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Cat with megacolon

Species: Cat
Breed: domestic long hair
Age: 11-15 years
We have a cat, Poofter, who has mega-colon. The vet prescribed Hills Prescription W/D but the cat refuses to eat it and has lost several pounds over the last month or two.

Before this the cat was on prescription C/D for urine crystals and he will get crystals with supermarket food, though we have not seen signs with the W/D.

We are changing the rest of our cats from 9 lives to Blue Buffalo Wilderness, a high protein, low residue food. Some people on the internet have said that low residue is an option for mega-colon and I would like your opinion on that. How about the crystals (not the coffin shaped ones, the other ones)? Would this food exacerbate the crystal problem (which was controlled well under C/D but that caused constipation.

Some cat in the household has very bad smelling fecal matter since the changeover but we don't know which one.

Also, we give Poofter an enema if he seem to need one but are always worried about not doing it soon enough. Are scheduled enemas an option (using unscented, plain dish washing liquid and water) or is this a bad idea?

Thank you in advance, sorry it was so long.
Jeffery


Online vet, Dr. Marie

Dr. Marie replied:

I'm sorry to hear that Poofter is having these problems. Constipation issues in cats can be extremely frustrating.

I'll give you a few of my thoughts on what you have written.

My first concern was the statement that Poofter is refusing to eat and has lost several pounds. While this could be because he doesn't like the food, it could also be that there is a medical issue. Often cats with constipation issues will also have kidney issues. It really would be a great idea to have your vet have another look at him and possibly do some blood tests.

While some cats with constipation do well on a high fiber diet such as w/d, you are correct that others will do better on a low residue food. One that I like to prescribe is eukanuba low residue.

I've recently had great success with feeding constipated cats VMD (Medi-cal) gastro diet. This food has psyllium in it and it really does help cats to move their bowels. All of the VMD foods are safe for cats with urinary tract issues. I really can't speak for any over the counter foods though. If you do find that an over the counter food is helping with the constipation, one thing you can do is have your vet check a urine sample every few months to be sure that there are no crystal issues.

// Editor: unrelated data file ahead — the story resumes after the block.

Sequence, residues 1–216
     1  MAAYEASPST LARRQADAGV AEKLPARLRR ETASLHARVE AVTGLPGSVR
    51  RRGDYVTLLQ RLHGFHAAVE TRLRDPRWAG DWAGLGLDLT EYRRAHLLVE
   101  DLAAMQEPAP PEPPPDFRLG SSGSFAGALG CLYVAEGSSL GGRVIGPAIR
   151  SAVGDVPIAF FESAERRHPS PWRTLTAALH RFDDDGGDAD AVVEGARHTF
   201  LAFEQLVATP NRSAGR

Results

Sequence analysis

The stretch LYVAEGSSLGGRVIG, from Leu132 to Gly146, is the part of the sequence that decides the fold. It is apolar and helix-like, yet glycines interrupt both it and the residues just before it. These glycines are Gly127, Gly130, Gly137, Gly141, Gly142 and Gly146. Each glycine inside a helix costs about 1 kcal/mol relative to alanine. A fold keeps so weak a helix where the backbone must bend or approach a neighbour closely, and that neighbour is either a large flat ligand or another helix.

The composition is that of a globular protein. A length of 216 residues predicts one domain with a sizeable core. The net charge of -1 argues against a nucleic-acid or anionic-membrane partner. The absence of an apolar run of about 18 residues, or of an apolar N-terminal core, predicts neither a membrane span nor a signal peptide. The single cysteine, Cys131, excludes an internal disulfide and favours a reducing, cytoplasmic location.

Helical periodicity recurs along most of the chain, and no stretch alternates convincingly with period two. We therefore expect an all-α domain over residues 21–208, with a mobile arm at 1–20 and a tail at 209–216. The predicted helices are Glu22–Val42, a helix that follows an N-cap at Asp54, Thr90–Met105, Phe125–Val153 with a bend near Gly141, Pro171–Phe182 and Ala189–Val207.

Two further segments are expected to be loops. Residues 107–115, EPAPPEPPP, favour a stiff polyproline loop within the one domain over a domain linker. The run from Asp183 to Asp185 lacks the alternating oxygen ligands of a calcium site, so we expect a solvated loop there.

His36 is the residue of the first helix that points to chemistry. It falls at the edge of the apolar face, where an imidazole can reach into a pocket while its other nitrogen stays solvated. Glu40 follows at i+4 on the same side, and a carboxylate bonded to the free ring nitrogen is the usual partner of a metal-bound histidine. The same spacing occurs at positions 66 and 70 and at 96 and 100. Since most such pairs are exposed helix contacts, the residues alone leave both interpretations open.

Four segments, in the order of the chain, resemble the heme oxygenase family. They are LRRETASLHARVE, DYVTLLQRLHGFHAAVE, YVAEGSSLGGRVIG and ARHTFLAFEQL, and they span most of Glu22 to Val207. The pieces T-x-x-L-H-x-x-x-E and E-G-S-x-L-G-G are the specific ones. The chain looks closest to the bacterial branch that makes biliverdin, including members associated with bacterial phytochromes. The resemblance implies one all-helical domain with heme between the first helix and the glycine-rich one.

Personally, I don't ever have my clients give their own cats an enema. There are a lot of risks involved with giving cats enemas such as perforating the colon. I will occasionally prescribe something called a micro-lax enema which is a tiny tube of solution that can be squirted into the rectum. But I tell my clients that if it is not working then they need to come in to have my staff give a series of warm water enemas.

Constipation in older cats is one of the most frustrating things I deal with. Some other things that you can talk to your vet about that may help are a medication called cisapride, or using lactulose or miralax granules to help to soften and move the stool along.

You may also find this article on megacolon helpful.

I hope things are looking up soon!

Dr. Marie.



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Disclaimer: Although Dr. Marie is a qualified veterinarian, the information found on this site is not meant to replace the advice of your own veterinarian. AskAVetQuestion.com and Dr. Marie do not accept any responsibility for any loss, damage, injury, death, or disease which may arise from reliance on information contained on this site. Do not use information found on this site for diagnosing or treating your pet. Anything you read here is for information only.

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Dr. MarieDr. Marie is a veterinarian who practices in a busy animal hospital in Ottawa, Ontario. She created Ask A Vet Question as a resource for good, accurate veterinary advice online. Dr. Marie treats dogs, cats, hamsters, guinea pigs, and rats. She has been a vet since 1999.

Is an online vet visit just as good as a trip to your veterinarian? No! But, many times, asking an online veterinarian a question can help save you money. While Dr. Marie can't officially diagnose your pet or prescribe medications, she can often advise you on whether a vet visit is necessary. You can also ask Dr. Marie for a second opinion on your pet's condition.